However, religion continues to play a major role in the world.
The Pew Research Center conducted a recent study questioning 30,133 respondents spread over 27 countries to find answers on queries related to gender equality, religion, and diversity. Questions were also asked about family ties. The results have come in, and they are clear: about 70 percent of the respondents say that their respective countries have become much more diverse. The respondents agree that gender equality has risen over the last two decades. About 60 percent of the respondents believe that there has been steady attrition of family ties.
When it comes to religion, the importance of the belief system varies from one nation to another. An average of 37 percent opined that religion now plays a much less important role within their respective countries when compared to two decades past and about 27 percent claim that the belief system plays an increasingly important role. The rest claims to have observed no change.
About 51 percent of Americans view “a more important role for religion” in the U.S. as a positive thing compared to 18 percent who see it negatively. The same outlook is shared by citizens of other polled countries around the world. About 39 percent of the global respondents favor religion to be an essential component in society while a measly 13 percent oppose such a scenario. Only five countries out of the 27 surveyed have largely non-religious populations. All five of these countries are European: Germany (35 percent), Sweden (51 percent), Spain (38 percent), France (47 percent), and the Netherlands (45 percent). In African countries like Tunisia, Nigeria, South Africa, and Kenya, along with countries in the southern hemisphere like Brazil, it is favorable for religion to have an increased importance in society. The majority of the population in these countries are in favor of belief systems impacting their daily lives.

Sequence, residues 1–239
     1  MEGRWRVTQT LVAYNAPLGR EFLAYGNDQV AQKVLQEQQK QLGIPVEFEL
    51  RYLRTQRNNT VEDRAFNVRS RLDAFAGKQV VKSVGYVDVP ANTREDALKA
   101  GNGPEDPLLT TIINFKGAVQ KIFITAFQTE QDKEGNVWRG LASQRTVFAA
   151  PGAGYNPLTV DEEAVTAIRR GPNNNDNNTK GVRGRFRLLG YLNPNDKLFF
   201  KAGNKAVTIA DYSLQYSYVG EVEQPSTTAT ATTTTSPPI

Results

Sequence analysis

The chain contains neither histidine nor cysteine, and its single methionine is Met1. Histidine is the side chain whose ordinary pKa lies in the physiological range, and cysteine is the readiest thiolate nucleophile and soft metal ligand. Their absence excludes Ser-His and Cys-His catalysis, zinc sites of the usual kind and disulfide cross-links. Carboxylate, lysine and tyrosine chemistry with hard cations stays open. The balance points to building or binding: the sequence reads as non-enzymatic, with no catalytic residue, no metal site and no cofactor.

When it comes to diversity, populations across Australia, North America, and Europe believe that diversity has risen in their respective countries and most of the populace have welcomed such a change. There are, however, two exceptions: Greece and Italy. About 62 percent of Greeks oppose their country to being a diverse one, and the same view is held by 45 percent of Italians. It is interesting to observe that in the 27 countries surveyed, men are much more likely than women to hold the view that there is a rise in the equality of the genders. Women are much more probable to disagree on this point when questioned about whether there is a change compared to 20 years back.